Greasing the Path to Dilma’s Downfall

Amid a massive oil scandal and a stagnant economy, Brazil’s
right has found the opening it’s been waiting for to break 12
years of Workers’ Party rule.

RiO DE JANEIRO — Brazil’s right has taken to the streets in a way unlike
anything the country has seen since the return to democracy nearly three
decades ago. On Sunday, hundreds of thousands took part in marches and
rallies around the country to voice their discontent with President Dilma
Rousseff, her center-left Workers’ Party (PT), a stagnant economy, and a
high-profile, wide-ranging corruption scandal at the state-run oil company,
Lively crowds wearing green and yellow marched on the lawn in front of the

Brasília Congress and as many as 200,000 paraded down São Paulo’s
central avenue under the banner “Impeach Dilma.” In Rio’s iconic
beachside neighborhood of Copacabana, residents unfurled Brazilian flags
from their windows and waved them at the thousands of demonstrators
below who wore national soccer team jerseys and red clown noses. Similar
marches were reported in more than 100 cities.

The demonstrations were organized largely through social media by
conservative and anti-corruption groups like the libertarian “Free Brazil
Movement” and the more moderate “Come to the Street” activist group,
which did not explicitly support impeaching Rousseff and says it protests for
ethics in politics and an efficient state. While a handful of demonstrators
called for a military coup — an echo of the 1964 coup that still lives in many
Brazilians’ memories — many protesters said they thought that impeaching
Rousseff, realistically, would lead to chaos.

Still, it appeared to be a watershed moment after 12 uninterrupted years of
PT rule. The center-left party’s opponents are winning converts and showing
the strength of Brazil’s conservative base. And if protesters keep their
promises to stay in the streets, they will be a force to reckon with as the
young democracy navigates its ongoing political and economic crises.

Rousseff’s supporters have tried to paint the protesters as coming from a
small segment of wealthy Brazilians resentful of the PT’s redistributive

economic policies. But the size of Sunday’s demonstrations, and the fact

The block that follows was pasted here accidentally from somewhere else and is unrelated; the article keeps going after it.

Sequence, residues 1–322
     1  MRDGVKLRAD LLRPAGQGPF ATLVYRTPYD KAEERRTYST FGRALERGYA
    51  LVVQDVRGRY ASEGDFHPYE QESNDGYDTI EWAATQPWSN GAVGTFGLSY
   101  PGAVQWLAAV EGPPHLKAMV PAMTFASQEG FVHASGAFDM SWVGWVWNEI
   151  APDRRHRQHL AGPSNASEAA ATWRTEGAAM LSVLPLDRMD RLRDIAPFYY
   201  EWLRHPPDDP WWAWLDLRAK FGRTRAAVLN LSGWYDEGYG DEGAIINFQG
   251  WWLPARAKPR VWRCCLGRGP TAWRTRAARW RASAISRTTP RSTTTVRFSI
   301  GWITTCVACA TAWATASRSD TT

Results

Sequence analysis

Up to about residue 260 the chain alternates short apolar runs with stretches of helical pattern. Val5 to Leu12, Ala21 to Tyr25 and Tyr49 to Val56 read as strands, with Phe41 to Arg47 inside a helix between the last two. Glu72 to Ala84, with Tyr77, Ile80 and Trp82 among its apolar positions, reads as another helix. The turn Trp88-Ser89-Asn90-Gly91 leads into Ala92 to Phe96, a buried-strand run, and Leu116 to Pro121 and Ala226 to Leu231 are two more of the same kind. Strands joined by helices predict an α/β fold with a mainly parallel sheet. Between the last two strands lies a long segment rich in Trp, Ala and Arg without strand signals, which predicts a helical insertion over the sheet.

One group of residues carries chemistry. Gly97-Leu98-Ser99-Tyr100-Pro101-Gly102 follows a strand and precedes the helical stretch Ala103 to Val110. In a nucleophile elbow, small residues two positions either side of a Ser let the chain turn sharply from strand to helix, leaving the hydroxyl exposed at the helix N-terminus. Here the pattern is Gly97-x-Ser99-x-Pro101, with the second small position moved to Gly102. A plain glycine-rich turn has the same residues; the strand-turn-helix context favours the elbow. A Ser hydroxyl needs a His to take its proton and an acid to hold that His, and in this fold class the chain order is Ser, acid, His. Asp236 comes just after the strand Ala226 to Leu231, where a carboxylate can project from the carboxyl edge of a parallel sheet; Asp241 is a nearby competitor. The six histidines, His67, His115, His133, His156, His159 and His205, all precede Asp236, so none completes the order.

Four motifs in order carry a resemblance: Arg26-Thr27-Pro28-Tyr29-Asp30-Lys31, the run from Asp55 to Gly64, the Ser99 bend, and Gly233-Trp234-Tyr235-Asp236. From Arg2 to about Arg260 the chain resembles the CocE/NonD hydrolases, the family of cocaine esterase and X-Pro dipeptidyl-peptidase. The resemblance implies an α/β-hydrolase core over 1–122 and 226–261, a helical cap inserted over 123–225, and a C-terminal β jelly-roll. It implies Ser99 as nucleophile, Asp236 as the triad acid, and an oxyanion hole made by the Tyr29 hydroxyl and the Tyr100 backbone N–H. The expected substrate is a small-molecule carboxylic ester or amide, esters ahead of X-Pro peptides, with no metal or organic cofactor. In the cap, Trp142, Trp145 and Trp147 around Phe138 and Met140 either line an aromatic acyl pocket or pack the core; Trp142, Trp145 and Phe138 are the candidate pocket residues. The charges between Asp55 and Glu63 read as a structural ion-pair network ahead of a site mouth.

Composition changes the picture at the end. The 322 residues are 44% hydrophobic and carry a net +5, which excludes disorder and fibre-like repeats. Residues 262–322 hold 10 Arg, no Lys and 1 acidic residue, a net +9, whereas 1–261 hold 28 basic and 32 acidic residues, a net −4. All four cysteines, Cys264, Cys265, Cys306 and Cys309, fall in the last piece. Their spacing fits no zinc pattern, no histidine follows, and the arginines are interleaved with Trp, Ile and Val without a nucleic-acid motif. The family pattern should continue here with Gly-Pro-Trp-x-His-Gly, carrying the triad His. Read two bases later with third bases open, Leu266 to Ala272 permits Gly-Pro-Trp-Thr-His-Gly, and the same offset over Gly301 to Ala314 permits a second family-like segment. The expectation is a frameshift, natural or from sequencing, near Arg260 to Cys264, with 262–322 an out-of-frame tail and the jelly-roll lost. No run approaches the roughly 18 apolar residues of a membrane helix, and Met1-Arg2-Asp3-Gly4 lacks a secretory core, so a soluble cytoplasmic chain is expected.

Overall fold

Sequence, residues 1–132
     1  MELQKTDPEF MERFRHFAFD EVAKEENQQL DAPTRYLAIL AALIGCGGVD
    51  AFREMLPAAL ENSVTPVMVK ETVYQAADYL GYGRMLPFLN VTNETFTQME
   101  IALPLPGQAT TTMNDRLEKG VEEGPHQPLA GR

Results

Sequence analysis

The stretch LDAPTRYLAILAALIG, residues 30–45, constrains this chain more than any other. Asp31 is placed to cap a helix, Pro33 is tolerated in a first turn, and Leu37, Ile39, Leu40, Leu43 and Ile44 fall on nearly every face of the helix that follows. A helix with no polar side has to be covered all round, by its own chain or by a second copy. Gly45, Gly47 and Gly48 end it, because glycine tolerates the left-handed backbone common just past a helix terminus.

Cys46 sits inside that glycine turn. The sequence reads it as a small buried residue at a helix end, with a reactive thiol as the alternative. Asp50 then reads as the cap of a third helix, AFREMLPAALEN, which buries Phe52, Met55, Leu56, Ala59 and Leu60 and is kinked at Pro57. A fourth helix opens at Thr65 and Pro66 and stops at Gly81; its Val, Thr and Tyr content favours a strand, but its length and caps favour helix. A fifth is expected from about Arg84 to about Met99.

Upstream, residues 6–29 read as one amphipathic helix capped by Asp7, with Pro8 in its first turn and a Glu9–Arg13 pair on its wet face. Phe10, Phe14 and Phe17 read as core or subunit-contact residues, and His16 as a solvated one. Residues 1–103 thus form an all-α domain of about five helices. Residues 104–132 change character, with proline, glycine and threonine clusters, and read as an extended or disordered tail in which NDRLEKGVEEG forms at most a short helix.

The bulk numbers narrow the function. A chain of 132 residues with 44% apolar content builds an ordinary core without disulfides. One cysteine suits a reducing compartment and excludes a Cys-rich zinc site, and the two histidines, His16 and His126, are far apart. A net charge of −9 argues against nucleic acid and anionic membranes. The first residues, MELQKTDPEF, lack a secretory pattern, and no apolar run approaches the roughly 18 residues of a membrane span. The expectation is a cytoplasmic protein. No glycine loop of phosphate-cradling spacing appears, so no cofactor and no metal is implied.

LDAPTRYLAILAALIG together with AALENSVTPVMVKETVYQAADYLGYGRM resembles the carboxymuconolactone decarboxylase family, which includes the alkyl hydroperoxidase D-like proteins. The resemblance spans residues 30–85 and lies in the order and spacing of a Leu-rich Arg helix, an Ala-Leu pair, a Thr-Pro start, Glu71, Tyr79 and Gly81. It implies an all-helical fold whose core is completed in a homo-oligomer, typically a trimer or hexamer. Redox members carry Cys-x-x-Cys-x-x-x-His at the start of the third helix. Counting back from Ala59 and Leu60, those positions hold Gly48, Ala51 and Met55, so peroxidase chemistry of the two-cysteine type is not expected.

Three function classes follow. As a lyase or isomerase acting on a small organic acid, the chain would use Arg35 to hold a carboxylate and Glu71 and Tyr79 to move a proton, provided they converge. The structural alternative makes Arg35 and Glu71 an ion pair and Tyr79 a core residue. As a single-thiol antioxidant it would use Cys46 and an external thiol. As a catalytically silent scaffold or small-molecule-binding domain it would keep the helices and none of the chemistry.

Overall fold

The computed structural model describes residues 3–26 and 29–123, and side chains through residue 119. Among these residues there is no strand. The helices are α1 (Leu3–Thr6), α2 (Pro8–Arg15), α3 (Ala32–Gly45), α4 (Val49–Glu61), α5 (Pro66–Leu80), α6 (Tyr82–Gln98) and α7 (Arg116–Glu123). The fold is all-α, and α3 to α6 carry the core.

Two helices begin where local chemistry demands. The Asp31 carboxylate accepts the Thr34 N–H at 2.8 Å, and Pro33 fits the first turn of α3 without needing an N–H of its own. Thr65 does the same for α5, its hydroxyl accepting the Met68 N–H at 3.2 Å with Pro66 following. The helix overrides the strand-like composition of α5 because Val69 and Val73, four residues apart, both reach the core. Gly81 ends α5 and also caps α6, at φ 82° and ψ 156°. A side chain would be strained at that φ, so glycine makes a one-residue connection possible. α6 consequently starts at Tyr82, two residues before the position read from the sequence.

that her center-right opponent won 48 percent of the vote in last year’s
runoff, show that the conservative force may not be easy to write off.
Protesters chanted against Rousseff and the PT’s left-wing policies, raising
comparisons with Venezuela, Argentina, and Cuba. In Rio they held signs
that read, “Against the Bolivarian dictatorship,” referring to the colonial-era
revolutionary figure held dear by Latin America’s left, and waved placards
calling for “Less Marx, more Mises,” citing the late Austrian economist
Ludwig von Mises, whose work is influential in libertarian circles.

“When we voted for the PT, we believed in something that was supposed to
be immaculate. They sold us a proposal that was supposed to be a party for
the workers,” Joselice Calmon, 61, a retired employee of Brazil’s federal
pension agency, said as a crowd of thousands around her chanted, “Down
with the PT!”

Calmon said she voted for Rousseff’s predecessor, the charismatic union
leader Luiz Inácio Lula da Silva, when he first won the presidency in 2002,
but she soon became disenchanted with him and his party. “We don’t
belong to this class of people whom Dilma co-opts by giving them the [antipoverty monthly stipend] Bolsa Família, free bus passes, and I-don’t-evenknow-what other welfare programs.”
But it’s not just a feeling that spending is out of control or that the party

caters to the poor to the exclusion of the rest of the country that brought